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Annotated by:
Glass, Guy

Primary Category: Literature / Nonfiction

Genre: Memoir

Summary:

When Rachel Aviv, the author of Strangers to Ourselves, was six years old, she simply stopped eating.  She said she got the idea from the Yom Kippur fast.  She was promptly checked into a psychiatric hospital where she became one of the youngest-ever patients to be given the diagnosis of anorexia.  Through associating with older, more seasoned anorexic girls she became a sort of “anorexic-in-training” (p.13). Fortunately, after a few months she snapped out of it, and was discharged.  She never suffered from the same symptoms again.   

As an adult, Aviv began to think about what had happened to her.  The only remnant of her experience was a diary entry from age 8: “I had a diseas called anexexia” (p.231).  Had she even had the disorder, or had the diagnosis been a mistake?  Why had she not gone on to have “an anorexic ‘career’” (ibid.), while one of the girls who had mentored her ultimately died of anorexia-related causes?   In order to answer these questions for herself, Aviv meets with the therapists who treated her more than thirty years ago as well as with the family of her deceased copatient.   

As a result of Aviv’s introspection, she becomes intrigued by people whose psychiatric diagnoses do not fully capture the complexities of their situation.  Strangers to Ourselves presents detailed case histories of several such individuals.  Bapu is an Indian woman whose visions have caused her to be diagnosed with schizophrenia.  Are they delusions, or is she a mystic?  Naomi is a socially disadvantaged black woman who has struggled unsuccessfully to get ahead.  During a manic episode, she jumps into a river with her young twins, one of whom dies. Her claim that “white people are out to get me” (p. 146) is ignored because her doctors insist that “delusions couldn’t on some level make sense” (p. 150). Yet another woman, Laura, bounces from diagnosis to diagnosis, and sleeps fourteen hours a day because of all the medication she is on.  She becomes one of these people who no longer even know if their lack of functioning is “due to their underlying disorder [or] the heavy medications they’d taken for it” (p. 203).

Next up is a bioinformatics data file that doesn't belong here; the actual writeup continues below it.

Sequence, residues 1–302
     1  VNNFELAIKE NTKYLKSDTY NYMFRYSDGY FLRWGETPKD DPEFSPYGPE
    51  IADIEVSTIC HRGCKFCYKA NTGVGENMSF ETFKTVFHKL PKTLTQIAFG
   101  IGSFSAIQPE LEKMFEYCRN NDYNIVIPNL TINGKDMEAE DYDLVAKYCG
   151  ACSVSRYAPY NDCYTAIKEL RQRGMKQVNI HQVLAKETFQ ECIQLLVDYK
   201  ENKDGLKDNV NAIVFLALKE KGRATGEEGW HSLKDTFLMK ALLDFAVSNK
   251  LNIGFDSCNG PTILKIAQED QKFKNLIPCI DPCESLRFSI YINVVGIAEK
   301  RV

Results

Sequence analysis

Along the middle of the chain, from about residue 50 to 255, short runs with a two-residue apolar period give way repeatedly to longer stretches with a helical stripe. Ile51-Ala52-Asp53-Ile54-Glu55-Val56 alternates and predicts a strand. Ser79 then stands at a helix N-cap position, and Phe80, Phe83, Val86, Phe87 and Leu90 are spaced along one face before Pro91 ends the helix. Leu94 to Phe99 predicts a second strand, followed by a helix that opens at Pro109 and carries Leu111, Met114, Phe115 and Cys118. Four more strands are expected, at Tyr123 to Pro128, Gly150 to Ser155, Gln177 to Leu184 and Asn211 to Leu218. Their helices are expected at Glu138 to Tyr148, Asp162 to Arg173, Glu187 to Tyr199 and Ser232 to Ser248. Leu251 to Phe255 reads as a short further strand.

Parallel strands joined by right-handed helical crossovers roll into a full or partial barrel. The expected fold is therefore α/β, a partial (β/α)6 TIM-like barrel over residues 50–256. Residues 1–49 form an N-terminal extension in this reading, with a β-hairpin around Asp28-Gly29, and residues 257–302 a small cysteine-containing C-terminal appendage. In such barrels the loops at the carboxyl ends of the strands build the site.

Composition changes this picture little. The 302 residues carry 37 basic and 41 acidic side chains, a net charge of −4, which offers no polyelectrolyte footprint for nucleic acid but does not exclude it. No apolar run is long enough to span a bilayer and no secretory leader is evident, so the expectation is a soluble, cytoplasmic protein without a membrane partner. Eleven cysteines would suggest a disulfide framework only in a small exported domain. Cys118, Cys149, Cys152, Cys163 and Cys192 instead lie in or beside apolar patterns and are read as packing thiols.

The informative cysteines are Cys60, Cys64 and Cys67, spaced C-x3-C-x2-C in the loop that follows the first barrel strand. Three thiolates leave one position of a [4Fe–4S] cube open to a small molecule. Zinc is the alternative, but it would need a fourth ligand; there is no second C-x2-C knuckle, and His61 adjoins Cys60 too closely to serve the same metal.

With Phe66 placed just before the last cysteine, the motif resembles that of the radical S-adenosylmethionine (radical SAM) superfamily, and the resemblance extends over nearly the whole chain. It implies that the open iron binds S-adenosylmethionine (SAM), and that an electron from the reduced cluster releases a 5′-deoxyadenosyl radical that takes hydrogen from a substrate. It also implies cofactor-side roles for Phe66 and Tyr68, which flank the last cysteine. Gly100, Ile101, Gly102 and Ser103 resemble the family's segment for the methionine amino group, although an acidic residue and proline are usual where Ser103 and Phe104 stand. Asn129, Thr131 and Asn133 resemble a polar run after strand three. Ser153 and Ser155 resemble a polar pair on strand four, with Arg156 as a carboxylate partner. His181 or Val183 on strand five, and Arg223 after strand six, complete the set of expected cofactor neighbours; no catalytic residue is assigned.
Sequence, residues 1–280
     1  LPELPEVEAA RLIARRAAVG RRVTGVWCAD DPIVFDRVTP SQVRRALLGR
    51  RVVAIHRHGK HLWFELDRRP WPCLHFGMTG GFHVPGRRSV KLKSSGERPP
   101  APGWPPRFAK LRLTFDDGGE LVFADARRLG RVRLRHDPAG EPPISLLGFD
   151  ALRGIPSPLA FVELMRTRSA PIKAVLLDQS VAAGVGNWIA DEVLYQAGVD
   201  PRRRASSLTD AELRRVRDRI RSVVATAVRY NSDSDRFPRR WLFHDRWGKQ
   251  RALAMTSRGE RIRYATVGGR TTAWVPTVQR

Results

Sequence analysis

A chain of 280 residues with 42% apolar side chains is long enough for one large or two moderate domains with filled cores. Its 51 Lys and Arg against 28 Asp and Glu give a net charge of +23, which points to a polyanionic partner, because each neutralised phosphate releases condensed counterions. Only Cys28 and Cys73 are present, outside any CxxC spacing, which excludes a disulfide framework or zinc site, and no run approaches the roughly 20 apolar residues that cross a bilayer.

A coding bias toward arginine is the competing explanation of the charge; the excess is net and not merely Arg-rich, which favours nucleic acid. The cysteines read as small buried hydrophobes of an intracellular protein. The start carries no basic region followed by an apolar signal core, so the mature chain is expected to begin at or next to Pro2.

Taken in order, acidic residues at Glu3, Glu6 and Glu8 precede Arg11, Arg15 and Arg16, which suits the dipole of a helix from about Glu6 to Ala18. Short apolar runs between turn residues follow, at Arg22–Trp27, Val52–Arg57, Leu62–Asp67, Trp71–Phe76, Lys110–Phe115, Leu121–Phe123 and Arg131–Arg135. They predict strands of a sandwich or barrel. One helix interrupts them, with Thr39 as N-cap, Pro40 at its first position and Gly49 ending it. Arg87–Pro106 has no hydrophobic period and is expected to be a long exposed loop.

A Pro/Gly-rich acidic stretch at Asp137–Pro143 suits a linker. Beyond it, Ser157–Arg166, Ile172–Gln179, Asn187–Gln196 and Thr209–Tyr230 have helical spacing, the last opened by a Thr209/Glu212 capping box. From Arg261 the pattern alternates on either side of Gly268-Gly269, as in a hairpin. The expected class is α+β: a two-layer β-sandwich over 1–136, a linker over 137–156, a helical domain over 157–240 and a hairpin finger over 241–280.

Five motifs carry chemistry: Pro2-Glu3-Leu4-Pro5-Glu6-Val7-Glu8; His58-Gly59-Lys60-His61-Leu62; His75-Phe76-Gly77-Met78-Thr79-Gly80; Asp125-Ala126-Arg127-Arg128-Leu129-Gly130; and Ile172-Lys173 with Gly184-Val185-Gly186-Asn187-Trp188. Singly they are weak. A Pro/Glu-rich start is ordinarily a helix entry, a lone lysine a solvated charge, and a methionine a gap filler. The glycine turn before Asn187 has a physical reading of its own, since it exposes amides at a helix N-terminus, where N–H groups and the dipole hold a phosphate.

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Hurdy Gurdy

Wilson, Christopher

Last Updated: Oct-14-2022
Annotated by:
Duffin, Jacalyn

Primary Category: Literature / Fiction

Genre: Novel

Summary:

Brother Diggery, formerly called Jack Fox, tells us that he was given to the monastic order of St Odo at the age of seven in 1341. For another seven years, he is raised in innocence within the strict rules of the community, serving the brother healer, learning herbal remedies, and playing the hurdy gurdy.  

As plague arrives in 1349, he is assigned to help care for the anticipated sick – and immediately falls ill. The brothers seal him inside his cell, where he suffers greatly, narrowly escaping death; however, when he recovers and forces himself out of confinement, he discovers that everyone else has died or fled. After filling a mass grave with the remains of his brothers, he sets out on a picaresque series of adventures, blithely unaware that he and his fleas spread illness wherever they go.  

Like a fourteenth-century Candide, Brother Diggery’s gullibility and curiosity lead him to discover the wonders of good food, sex, and marriage, the cruelty of lies, theft, and wrongful imprisonment, and the corruption of the church (p. 164). He closes his account in 1352, age 18, already twice widowed, but set for life as a lay physician and father of a young boy whom he plans to give to the monastery of St Odo when he reaches age seven.



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Primary Category: Literature / Nonfiction

Genre: Memoir

Summary: